How Long Does it Take for a Vaginal Suppository to Absorb?Vaginal suppositories take between 15 and 30 minutes to dissolve and get absorbed into the body. The absorption of a vaginal suppository depends on several factors, including the type of suppository, active ingredient, pH and moisture level of the vaginal environment, and the size and shape of the suppository. The time for the absorption process of a vaginal suppository to complete can vary widely and is difficult to determine.
Labor and DeliveryEarly and later symptoms and signs of labor and delivery are unique to each woman. Early signs of labor are "lightning" and passing the mucus plug. Later symptoms and signs that labor that labor is are the woman's water breaking, and when contractions begin. There are three stages of labor, stage 1 is the longest and occurs when the cervix begins to thin and dilate. During stage 2 of labor the baby passes through the birth canal and remains there until delivery, and stage 3, is when the baby is delivered.
Ovulation & FertilityBoost fertility and increase your chances to conceive. Learn about ovulation calendars, diet, aging and other factors that can affect pregnancy.
Pregnancy: Multiple Births, Twins, Triplets, and MoreMultiple births occur when a woman bears twins, triplets, or even more babies during pregnancy. More multiples are born today thanks to assisted reproductive technology (ART), including in vitro fertilization using fertility drugs. Women carrying multiples often give birth via C-section.
Pregnancy Myths and Facts QuizBeing pregnant is a delicate time for both mother and baby. Take this pregnancy myths and facts quiz to separate the myths and facts about being pregnant, and learn the truth behind healthy pregnancies!
Pregnancy Diet (Menu Plans)When a woman is pregnant, she needs more vitamins, minerals, and other foods in her diet to stay healthy and deliver a healthy baby. A healthy pregnancy diet menu plan should consist of lots of fruits, vegetables, lean meats (unless you are vegan or vegetarian), and dairy. Examples of healthy pregnancy diet meal plans include holistic pregnancy diet, vegan or vegetarian diet, and low-carb diets. Begin your healthy eating plan around three months before you begin trying to conceive, and follow the same eating plan until after you have stopped breastfeeding. If you are overweight or obese, being pregnant is not the right time to try to lose weight. Discuss your options with your health care professional.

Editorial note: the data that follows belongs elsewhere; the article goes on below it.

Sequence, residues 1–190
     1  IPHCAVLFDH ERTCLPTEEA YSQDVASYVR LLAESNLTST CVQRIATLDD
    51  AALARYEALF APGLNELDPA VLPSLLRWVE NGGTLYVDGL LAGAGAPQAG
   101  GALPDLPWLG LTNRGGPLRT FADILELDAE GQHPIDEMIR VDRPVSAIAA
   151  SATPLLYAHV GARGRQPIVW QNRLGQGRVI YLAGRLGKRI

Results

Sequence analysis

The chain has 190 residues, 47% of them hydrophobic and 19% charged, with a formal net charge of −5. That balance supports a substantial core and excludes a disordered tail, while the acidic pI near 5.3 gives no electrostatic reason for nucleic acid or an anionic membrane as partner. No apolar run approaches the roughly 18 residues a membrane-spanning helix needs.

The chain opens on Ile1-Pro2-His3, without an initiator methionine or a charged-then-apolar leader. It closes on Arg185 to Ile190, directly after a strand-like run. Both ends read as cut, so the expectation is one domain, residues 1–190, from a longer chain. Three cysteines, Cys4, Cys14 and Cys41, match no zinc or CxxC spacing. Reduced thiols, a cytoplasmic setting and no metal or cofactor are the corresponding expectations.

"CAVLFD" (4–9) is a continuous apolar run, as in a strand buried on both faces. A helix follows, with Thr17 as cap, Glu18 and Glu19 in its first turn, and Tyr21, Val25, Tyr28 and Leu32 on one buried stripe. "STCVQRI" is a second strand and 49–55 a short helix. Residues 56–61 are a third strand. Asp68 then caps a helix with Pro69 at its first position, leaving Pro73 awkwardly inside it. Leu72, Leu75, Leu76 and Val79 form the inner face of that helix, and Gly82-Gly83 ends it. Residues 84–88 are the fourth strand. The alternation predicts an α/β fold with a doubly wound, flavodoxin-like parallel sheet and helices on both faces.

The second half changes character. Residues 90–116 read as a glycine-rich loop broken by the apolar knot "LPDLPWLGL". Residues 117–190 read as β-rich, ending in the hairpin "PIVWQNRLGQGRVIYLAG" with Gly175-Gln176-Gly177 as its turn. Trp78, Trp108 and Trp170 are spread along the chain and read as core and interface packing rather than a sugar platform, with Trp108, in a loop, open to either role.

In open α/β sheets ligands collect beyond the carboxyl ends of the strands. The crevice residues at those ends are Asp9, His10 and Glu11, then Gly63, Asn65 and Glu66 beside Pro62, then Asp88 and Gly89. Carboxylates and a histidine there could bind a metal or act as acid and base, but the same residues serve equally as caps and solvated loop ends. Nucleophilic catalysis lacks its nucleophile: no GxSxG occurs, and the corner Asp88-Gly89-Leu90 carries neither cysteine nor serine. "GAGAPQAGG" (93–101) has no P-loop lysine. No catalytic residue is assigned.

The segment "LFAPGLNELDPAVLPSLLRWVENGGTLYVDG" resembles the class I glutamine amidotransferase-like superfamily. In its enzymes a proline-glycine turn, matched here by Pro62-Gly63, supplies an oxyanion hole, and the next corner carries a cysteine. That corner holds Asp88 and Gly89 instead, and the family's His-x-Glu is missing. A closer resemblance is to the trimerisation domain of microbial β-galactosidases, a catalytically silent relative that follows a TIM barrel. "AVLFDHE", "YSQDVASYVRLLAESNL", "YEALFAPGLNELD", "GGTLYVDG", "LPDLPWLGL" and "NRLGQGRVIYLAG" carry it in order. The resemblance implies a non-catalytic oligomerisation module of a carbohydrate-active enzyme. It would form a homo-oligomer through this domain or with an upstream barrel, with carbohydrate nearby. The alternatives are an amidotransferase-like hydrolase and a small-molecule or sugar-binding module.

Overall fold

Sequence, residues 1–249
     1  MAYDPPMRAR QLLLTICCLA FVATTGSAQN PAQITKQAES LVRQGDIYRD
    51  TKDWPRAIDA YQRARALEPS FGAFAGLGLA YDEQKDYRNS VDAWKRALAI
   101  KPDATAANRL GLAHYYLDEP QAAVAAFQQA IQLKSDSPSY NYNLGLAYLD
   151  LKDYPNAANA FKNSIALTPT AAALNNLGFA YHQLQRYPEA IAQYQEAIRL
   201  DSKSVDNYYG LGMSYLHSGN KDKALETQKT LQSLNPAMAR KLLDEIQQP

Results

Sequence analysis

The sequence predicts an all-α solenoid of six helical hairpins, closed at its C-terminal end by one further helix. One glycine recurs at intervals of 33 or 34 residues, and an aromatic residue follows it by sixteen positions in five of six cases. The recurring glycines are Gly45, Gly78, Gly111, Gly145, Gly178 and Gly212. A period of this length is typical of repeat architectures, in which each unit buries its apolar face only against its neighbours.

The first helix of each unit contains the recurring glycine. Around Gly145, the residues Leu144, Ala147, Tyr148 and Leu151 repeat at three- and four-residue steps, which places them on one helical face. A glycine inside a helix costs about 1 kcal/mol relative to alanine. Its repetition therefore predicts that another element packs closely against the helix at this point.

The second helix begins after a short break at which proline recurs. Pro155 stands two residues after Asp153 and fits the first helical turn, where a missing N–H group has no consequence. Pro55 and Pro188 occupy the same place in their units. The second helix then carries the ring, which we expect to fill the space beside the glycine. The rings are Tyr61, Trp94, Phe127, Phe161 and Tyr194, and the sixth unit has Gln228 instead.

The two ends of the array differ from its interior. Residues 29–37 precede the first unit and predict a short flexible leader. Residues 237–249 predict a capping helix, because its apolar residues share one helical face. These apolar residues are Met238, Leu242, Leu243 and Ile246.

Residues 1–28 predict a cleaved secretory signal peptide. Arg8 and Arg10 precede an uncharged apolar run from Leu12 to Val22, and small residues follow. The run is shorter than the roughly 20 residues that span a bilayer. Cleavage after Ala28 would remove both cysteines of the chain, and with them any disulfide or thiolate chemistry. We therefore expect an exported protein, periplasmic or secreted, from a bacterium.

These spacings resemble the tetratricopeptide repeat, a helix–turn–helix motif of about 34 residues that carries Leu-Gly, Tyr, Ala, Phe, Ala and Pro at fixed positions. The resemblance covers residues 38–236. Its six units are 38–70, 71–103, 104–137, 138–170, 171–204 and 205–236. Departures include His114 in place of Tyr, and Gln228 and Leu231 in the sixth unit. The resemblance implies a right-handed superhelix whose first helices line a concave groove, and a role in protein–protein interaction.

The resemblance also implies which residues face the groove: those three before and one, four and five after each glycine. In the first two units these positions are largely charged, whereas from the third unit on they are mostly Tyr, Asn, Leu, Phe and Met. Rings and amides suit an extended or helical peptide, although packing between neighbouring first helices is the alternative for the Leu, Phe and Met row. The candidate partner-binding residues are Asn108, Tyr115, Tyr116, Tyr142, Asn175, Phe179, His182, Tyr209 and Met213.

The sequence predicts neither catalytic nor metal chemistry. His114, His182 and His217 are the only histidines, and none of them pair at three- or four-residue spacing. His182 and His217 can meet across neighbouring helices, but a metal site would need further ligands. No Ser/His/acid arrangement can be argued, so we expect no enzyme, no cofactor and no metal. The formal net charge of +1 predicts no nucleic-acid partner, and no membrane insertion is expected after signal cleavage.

What Foods Should I Eat During My First Trimester of Pregnancy?What to know about diet during the first trimester. Learn more about how to protect and fuel your body and baby during this exciting time.
Stages of Pregnancy: Week by WeekSee pictures on the various stages of pregnancy. See and learn what changes a woman's body goes through and view fetal images of how her baby grows during the 1st, 2nd and 3rd trimesters.
What Are the 4 Stages of Labor?The 4 stages of labor are: dilation of the cervix, delivery of the baby, afterbirth, and recovery. Learn more about what to expect during each stage.
What Are the Warning Signs of Premature Labor?Labor that starts before 37 weeks of pregnancy could put your premature baby at risk. Know the signs of preterm labor and what to do if you notice them.
Why Do Doctors Tell You Not to Push During Labor?Labor is the process that prepares a woman to deliver her baby into the world. Doctors tell a woman not to push during labor because she is not ready, there may be a problem with the baby or she may have had an epidural.